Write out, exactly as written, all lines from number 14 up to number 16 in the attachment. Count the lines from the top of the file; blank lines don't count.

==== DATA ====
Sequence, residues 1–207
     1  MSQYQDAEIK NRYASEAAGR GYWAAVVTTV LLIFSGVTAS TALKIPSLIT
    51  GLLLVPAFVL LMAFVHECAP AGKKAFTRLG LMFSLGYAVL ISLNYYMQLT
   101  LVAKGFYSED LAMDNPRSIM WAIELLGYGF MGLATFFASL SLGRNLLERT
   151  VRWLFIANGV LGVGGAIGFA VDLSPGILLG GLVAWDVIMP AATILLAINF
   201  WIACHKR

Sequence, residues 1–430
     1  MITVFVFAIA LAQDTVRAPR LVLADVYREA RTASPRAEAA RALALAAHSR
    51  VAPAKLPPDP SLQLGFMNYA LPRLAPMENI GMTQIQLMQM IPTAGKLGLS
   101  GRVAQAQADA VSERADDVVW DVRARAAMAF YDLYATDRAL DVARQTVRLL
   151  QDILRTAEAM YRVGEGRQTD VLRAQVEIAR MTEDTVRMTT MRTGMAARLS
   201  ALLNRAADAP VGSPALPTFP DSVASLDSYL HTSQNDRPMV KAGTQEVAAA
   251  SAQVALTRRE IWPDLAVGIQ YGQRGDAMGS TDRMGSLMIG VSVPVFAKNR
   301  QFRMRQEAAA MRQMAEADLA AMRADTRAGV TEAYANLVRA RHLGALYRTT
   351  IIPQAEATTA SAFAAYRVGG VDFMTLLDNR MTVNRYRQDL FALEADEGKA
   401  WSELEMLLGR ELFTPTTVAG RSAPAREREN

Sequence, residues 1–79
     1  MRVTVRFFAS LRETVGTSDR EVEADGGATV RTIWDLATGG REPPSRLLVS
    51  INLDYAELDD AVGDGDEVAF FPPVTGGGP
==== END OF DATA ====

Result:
   301  QFRMRQEAAA MRQMAEADLA AMRADTRAGV TEAYANLVRA RHLGALYRTT
   351  IIPQAEATTA SAFAAYRVGG VDFMTLLDNR MTVNRYRQDL FALEADEGKA
   401  WSELEMLLGR ELFTPTTVAG RSAPAREREN